Editing your thesis
Editing your thesis is quite a feat. To ensure your thesis is accepted and follows all required guidelines, we have put together the below information.
Editing the final draft
You and your supervisors are responsible for checking the final version of the thesis.
A useful reference during this process is Chapter 15 of Anderson and Poole’s book, Assignment and Thesis Writing covering editing and evaluation of the final draft of the thesis. It includes checklists for evaluating empirical/experimental research studies and for evaluating analytical/literary research studies.
Using professional editors
You can use a professional editor in preparing your thesis for submission, but this should be discussed with your Principal Supervisor.
If you choose an editor you should provide them with a copy of the Australian Standards for Editing Practice developed by the Council of Deans and Directors of Graduate Research (DDoGs), in collaboration with the Council of Australian Societies of Editors.
You should also become familiar with these guidelines as they provide important information for editors, supervisors and candidates.
Roles of the supervisors and editors
Academic supervisors of research students also need to be clear about the role of the professional editor as well as their own editorial role.
It‘s expected that your academic supervisors will provide you with editorial advice. This type of advice is covered in Standards C, D and E of the Australian Standards for Editing Practice.
Professional editors need to be clear about the extent and nature of help they offer in the editing of research students’ theses and dissertations.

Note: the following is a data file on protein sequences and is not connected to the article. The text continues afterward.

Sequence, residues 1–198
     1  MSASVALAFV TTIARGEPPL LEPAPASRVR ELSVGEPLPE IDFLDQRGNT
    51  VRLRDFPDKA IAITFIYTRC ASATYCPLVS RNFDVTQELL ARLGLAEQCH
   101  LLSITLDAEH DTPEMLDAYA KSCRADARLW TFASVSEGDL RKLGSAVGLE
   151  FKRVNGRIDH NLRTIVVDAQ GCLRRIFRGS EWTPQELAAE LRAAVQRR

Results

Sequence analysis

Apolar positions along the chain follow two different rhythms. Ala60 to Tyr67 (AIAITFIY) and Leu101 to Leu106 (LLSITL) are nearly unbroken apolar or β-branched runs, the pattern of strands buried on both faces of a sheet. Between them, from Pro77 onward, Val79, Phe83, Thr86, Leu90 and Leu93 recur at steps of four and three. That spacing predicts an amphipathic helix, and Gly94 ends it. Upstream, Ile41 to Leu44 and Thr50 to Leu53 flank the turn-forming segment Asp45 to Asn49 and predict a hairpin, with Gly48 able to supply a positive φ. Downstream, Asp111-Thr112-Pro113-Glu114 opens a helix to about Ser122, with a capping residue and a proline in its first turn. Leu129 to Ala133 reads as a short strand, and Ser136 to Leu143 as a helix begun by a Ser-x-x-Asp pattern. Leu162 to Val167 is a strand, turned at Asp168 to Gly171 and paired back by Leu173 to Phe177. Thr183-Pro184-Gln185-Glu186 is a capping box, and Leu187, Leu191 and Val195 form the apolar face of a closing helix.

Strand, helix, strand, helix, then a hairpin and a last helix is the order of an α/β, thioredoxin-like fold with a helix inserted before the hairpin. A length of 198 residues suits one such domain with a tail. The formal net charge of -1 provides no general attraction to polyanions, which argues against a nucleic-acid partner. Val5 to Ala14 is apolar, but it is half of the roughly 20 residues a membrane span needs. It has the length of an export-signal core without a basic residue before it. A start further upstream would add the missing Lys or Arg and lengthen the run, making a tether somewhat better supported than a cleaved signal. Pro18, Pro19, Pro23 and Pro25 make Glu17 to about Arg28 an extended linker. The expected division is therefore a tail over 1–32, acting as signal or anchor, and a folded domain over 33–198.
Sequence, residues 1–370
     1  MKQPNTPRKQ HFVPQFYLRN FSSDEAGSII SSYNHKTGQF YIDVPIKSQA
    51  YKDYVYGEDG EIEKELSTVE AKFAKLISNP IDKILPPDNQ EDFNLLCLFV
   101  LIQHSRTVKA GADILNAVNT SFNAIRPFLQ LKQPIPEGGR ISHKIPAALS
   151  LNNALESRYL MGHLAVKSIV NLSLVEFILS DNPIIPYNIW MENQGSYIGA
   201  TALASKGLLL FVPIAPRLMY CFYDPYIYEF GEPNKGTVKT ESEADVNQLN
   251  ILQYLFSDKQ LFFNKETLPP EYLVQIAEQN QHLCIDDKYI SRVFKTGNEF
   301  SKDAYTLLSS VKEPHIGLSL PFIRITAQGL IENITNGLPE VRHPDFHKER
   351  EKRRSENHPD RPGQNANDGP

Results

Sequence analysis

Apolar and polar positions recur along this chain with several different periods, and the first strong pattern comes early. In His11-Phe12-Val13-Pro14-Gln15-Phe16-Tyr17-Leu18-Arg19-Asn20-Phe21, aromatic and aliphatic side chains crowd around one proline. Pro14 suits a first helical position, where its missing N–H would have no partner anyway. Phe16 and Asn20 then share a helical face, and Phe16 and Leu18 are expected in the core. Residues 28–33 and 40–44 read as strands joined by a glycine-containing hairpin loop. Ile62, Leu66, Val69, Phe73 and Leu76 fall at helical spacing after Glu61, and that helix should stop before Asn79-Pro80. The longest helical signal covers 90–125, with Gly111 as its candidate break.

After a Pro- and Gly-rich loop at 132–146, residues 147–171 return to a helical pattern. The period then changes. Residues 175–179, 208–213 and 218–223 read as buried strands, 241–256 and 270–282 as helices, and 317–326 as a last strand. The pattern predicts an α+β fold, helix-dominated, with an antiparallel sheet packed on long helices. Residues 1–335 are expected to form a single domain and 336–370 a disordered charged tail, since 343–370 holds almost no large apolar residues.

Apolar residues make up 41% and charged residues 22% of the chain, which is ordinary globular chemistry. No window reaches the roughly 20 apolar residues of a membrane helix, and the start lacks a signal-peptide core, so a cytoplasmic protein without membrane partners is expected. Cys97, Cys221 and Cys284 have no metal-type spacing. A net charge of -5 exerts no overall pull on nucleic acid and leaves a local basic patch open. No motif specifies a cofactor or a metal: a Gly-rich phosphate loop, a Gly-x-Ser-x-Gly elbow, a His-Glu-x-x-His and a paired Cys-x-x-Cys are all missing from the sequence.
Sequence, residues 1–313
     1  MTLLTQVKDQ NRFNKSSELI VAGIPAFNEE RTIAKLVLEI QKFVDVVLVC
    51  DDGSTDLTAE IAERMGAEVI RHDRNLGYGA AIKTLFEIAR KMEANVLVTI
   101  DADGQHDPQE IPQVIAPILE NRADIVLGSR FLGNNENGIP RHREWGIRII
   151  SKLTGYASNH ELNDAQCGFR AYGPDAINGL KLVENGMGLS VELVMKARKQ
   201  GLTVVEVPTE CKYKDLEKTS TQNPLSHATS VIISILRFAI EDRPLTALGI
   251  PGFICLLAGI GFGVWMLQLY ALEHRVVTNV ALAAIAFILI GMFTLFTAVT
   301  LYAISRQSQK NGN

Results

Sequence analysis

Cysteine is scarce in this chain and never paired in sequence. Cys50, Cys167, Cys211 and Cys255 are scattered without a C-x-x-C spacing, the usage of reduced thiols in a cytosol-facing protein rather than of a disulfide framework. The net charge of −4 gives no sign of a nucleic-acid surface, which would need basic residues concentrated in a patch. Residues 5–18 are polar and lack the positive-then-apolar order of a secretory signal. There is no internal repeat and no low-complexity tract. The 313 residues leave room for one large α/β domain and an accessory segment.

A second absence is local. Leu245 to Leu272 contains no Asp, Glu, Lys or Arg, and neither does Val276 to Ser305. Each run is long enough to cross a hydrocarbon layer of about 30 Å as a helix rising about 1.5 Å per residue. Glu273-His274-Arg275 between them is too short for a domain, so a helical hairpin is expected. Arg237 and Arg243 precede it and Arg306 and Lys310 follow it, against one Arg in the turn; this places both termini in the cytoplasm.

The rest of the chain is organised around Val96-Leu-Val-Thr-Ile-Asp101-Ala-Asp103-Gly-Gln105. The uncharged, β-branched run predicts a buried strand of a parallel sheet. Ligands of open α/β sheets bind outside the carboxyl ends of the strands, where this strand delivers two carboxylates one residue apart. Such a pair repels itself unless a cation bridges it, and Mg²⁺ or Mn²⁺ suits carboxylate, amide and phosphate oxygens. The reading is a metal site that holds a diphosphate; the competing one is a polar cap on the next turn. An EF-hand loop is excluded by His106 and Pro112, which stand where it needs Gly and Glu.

Professional editorial intervention should be restricted to Standards D and E. Where a professional editor provides advice on matters of structure (Standard C), exemplars only should be given.
Accepting editorial changes
Material for editing or proofreading should be submitted in hard copy. In electronic copy it is too easy for you to accept editorial suggestions without thinking about their implications. If electronic mark-up is used by the editor, this should be returned as a PDF so that the suggestions cannot be automatically accepted.
If you’ve used an editor, their name and a brief description of the service provided, should be included in the acknowledgements section or other prefatory matter. The service should be described using the Australian Standards for Editing Practice.
If the professional editor’s current or former area of academic specialisation is similar to yours, this should also be stated.